This is the second property the Trust has protected in the proposed Avawatz Mountains Wilderness in the last four years—the Trust also protected the 2,450-acre Avawatz Salt and Gypsum Company property, containing 13 parcels, in 2011. Both properties are in the home range of the desert tortoise.  Both had grandfathered mining rights, but are each now a protected part of the proposed Avawatz Mountains Wilderness.

 

The land is one of only five properties remaining in private ownership in the proposed Avawatz Mountains Wilderness Area,” said Aimee Rutledge, the land trust’s California Program Manager. “Private uses inconsistent with wilderness would ruin an unbroken expanse of critical habitat for the Mojave desert tortoise, habitat for Bighorn sheep, and desert vistas with gorgeous views of the surrounding Avawatz Mountains and their dramatic washes flowing into the desert.”

 

 

The newly acquired Denning Spring property is indicated by the orange arrow.

The previously acquired Avawatz Salt and Gypsum property is indicated by the blue arrows.

 

 

Death Valley Wilderness (www.wilderness.net)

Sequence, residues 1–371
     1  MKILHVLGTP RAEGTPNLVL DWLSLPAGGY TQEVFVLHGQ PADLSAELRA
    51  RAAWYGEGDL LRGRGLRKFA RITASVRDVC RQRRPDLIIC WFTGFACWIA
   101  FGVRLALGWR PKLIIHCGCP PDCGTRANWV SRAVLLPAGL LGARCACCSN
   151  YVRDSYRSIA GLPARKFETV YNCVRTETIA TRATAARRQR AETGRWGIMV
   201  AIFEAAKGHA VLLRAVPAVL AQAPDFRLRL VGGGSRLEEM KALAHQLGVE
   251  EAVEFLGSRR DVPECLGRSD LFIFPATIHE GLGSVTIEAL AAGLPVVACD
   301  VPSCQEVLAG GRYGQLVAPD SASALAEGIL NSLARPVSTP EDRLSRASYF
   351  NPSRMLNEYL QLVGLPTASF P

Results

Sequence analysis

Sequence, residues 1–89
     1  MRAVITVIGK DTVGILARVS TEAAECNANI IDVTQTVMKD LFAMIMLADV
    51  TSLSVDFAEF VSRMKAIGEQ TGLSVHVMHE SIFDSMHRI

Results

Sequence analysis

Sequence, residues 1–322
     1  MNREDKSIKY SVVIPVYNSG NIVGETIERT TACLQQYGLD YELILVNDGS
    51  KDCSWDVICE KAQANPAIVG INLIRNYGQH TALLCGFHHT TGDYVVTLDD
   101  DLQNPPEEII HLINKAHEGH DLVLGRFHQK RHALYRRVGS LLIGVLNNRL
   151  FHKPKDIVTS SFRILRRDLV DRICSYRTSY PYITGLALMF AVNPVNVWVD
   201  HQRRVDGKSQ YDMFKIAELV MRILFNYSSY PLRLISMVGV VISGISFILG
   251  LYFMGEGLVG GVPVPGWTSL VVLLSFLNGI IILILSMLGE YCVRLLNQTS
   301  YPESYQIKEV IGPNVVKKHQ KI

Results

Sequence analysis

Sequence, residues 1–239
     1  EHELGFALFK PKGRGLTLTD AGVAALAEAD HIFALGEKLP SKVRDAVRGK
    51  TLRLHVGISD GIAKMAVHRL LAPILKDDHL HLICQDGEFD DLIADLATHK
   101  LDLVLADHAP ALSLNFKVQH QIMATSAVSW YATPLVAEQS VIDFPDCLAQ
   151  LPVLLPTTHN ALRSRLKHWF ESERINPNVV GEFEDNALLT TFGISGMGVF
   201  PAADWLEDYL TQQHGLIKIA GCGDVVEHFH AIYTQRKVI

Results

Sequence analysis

Death Valley National Park is the hottest, driest, lowest spot in North America. The 134 degrees recorded on July 10, 1913 is the highest temperature recorded on the planet. The park is also the largest national park outside of Alaska with 91% of the park designated as Wilderness. Though broken up by paved and dirt roads into at least 40 smaller wilderness sections it is the largest named Wilderness area in the lower 48 states. The wilderness contains over 3.1 million acres in both California and Nevada. Annual rainfall measures slightly less than two inches, and for six months each year, heat sears the valley floor, with July temperatures averaging 116 degrees Fahrenheit. During the other six months, the climate is very hospitable and considered the best time to visit.